hours of good quality sleep per night.' OK, so the exercises might be simple, keeping to the overall regime might be much harder! In your 30s you
should be able to run a mile in under 9 minutes, hold a plank for 45 seconds & deadlift more than half your body weight. That doesn't sound
too hard does it? Well, I suppose it might do if you don't really do any exercise.
By the time you get to your 50s, you should be able to run at a moderate pace for longer than 60 seconds (as long as the knees hold out!), do 5 burpees
without stopping and, the killer one as far as I'm concerned, lower yourself into a cross-legged sitting position on the floor (without using your
hands) and then return to standing. I couldn't do that one in my teens! So these generic exercise routines might work for some people, but I have
worked out my own routines over the years that work for me. I hate gyms, I hate exercise for the sake of it, so I play badminton & I walk.
And yes, at the moment I cycle with my bicycle stand in my studio & I pull myself up on a bar hanging from the ceiling, but I'm under no illusion
that those will stop as soon as I have reached my desired weight!
You have to keeping moving & pushing yourself. Whatever you can do easily, do just a little bit more & do it regularly…
RiK ! - Thursday, February 02, 2017
WEIGHTLINE 033: 89Kg
I'm constantly amazed at the re-inventiveness of our food industry or our foodie pundits. It's become like fashion. Each year, there is a new trend with
new accessories which we absolutely have to adopt or be hopelessly out of date & 'unfashionable'. I'm quite comfortable being unfashionable, but
it appears many of us aren't.
The South Island Kea - the world's only alpine parrot & one of the most intelligent birds.
In an article originally published in the Daily Telegraph (UK) & reposted on goodfood.com.au,
they 'predict' (and therefore almost assure) which superfoods you'll be eating this year. Firstly, I have a problem with the term 'superfoods'. What
does it actually mean? Well, according to Wikipedia, "Superfood is a marketing term used to describe foods with supposed health benefits. The term
superfood is not in common use by dieticians and nutrition scientists, many of whom dispute that particular foods have the health benefits often claimed
by advocates of particular superfoods." So each year we have to be bombarded with marketing messages to get us to move on to the next marketing meal.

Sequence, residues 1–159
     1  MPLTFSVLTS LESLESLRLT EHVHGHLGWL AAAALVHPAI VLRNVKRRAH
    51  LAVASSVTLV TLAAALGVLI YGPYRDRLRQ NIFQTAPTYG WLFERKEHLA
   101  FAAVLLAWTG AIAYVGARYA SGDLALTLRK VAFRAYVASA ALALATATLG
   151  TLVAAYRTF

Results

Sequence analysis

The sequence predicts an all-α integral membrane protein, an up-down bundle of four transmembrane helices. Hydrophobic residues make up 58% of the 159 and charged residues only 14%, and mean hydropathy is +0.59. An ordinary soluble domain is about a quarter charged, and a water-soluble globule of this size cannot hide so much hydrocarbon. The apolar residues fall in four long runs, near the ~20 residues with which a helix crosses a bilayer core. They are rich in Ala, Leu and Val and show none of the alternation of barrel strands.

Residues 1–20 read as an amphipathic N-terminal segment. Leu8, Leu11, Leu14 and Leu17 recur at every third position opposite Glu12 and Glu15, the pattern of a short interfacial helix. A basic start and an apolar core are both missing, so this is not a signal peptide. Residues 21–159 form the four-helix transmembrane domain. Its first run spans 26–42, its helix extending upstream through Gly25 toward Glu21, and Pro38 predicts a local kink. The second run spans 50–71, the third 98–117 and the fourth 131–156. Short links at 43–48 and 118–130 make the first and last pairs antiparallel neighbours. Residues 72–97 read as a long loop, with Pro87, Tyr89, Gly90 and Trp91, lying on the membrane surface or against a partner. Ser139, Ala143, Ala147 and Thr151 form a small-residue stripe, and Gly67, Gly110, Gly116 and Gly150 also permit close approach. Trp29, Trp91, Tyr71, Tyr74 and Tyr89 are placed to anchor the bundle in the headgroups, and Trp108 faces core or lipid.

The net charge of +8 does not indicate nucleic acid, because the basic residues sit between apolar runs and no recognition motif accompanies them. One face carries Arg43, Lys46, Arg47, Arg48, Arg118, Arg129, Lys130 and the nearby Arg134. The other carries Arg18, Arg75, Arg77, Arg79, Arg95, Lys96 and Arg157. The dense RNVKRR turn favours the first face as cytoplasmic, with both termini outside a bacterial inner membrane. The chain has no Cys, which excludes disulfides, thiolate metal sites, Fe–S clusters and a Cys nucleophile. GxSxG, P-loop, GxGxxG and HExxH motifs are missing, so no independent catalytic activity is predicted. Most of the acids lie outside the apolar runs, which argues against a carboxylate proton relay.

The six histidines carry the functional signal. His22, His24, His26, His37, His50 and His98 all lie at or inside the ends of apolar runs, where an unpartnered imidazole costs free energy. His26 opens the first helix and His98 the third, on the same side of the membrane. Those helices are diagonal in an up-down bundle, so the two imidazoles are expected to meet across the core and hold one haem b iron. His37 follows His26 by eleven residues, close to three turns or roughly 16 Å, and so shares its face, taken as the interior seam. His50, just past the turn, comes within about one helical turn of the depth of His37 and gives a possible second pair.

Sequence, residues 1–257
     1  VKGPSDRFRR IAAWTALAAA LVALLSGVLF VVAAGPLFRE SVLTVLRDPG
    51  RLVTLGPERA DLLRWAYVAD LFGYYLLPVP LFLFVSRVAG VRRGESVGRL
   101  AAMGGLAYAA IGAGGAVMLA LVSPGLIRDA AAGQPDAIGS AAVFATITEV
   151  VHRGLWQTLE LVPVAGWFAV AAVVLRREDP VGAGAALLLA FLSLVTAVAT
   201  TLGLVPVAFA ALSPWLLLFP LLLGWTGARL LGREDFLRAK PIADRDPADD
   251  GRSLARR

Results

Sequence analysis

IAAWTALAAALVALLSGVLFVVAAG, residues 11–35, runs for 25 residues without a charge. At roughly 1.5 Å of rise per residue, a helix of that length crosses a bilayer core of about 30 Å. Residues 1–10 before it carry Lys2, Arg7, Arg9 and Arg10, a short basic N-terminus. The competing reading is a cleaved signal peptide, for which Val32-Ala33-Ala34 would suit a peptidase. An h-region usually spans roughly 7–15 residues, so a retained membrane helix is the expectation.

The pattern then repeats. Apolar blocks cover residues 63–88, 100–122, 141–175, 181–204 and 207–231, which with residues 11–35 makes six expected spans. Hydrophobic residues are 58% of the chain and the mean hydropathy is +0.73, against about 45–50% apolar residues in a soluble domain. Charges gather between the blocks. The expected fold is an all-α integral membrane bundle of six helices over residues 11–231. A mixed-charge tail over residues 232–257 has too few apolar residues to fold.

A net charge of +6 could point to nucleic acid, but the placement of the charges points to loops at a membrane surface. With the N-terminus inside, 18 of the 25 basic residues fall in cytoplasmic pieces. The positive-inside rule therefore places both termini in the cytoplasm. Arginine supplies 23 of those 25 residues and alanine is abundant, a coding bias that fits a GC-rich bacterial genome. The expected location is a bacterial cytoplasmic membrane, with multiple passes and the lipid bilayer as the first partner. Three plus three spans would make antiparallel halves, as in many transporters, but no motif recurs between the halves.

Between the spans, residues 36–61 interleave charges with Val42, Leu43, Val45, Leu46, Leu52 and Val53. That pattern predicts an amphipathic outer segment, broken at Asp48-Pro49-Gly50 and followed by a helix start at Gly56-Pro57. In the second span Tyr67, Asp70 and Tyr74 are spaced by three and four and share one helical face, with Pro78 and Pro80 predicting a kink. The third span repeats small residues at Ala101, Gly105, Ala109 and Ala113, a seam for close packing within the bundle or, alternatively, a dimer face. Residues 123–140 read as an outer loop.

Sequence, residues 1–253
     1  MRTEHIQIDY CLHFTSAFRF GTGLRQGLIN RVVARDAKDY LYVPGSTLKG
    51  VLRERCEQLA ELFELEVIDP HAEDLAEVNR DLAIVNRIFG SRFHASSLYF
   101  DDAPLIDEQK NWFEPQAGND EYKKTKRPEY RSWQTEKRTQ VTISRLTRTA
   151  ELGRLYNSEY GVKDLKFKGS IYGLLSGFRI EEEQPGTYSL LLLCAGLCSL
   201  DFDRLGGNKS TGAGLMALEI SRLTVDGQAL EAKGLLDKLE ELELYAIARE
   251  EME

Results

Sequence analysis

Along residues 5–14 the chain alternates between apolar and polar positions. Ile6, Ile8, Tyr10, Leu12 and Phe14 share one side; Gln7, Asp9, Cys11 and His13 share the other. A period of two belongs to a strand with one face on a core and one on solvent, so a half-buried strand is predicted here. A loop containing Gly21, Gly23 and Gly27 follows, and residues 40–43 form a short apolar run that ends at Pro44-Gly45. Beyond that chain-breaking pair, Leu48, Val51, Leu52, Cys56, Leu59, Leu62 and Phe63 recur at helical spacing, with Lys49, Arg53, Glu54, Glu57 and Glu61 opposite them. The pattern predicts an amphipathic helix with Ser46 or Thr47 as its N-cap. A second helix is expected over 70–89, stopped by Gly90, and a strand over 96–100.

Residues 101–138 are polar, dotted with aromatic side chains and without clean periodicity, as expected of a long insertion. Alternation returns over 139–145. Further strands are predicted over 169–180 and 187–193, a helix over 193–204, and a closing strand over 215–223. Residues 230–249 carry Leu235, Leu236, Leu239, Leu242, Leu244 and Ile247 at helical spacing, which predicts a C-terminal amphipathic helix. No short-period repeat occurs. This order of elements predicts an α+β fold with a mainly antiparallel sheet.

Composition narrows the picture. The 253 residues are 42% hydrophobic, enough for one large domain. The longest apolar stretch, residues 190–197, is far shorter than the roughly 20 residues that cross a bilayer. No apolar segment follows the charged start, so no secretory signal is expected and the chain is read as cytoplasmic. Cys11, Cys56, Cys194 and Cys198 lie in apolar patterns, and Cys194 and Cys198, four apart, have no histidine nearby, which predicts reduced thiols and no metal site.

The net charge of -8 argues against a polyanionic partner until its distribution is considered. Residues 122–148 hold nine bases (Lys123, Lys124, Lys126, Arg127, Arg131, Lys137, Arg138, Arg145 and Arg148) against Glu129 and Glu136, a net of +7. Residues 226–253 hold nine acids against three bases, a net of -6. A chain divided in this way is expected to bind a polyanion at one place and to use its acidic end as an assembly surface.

So this article - how much are we supposed to believe, especially when something is hyped as the
"best" or the "most"? Before even reading it I'm sceptical. It contains some good information, to be sure, but frankly very little that is new. If
anyone believes a single 'lost' ingredient is the magic solution to their particular health or weight problem, then they might as well be living in
La-La Land (a film that in my opinion was not quite as
good as its hype, unfortunately).
The Kea, from the South Island also has a problem. Apart from the good old possum threatening its existence (there are reckoned to be less than 5,000 left),
one of their biggest problems is people feeding them human food. Firstly, some of it simply is not good for them, and secondly it is so convenient
it makes them too lazy to go & find their natural foodstuffs. From doc.govt.nz:
"Because these kea don't have to spend a large amount of time foraging for low energy natural foods, they have plenty of spare time to explore the
many and varied new objects placed in their environment by people. Juvenile male birds seem to make up the majority of these loitering groups." Sound
familiar? As I have two young adult sons, it resonates far too much! So not only are the kea getting poor nutritional substitutes & being tempted
away from their natural healthy foodstuffs, it makes them vandals!
It seems that not content with confusing & manipulating people's health for the benefit of a few people's pockets, we are also very expert at dragging
a few endangered species along with us…
RiK ! - Wednesday, February 01, 2017
WEIGHTLINE 032: 89Kg
Losing weight is like watching a glacier move! It is so slow, no wonder people give up… At this rate, the Fox glacier will have melted before I
reach my target weight. Unfortunately, it is melting, thanks to global warming, thanks to cows, thanks to - no we've covered that one!
the Fox Glacier on the west coast of the South Island. Fabulous walks, stunning scenery. If you haven't done it, you must!
Fed by four alpine glaciers, Fox Glacier falls 2,600 metres over 13Km from the Southern Alps to the coast, ending its journey among lush rain forest only
300m above sea level. It is one of the most accessible glaciers in the world, an easy walk from the local town. Walking is one activity that should
be everyone's staple. Easy, free & entirely adjustable according to your health & condition. I've been walking more recently, despite nursing
an aching knee & I've found that as long as my knee is strapped up, exercise seems to do it good. All the doctors & physios tell you to keep
everything moving. It's rare that they advise complete rest for long, because if you do things seize up & it can be a long painful journey back
to fitness. Some people never make it back. Now, if you want a change of scenery for your walk, you don't necessarily have to go to the Fox Glacier,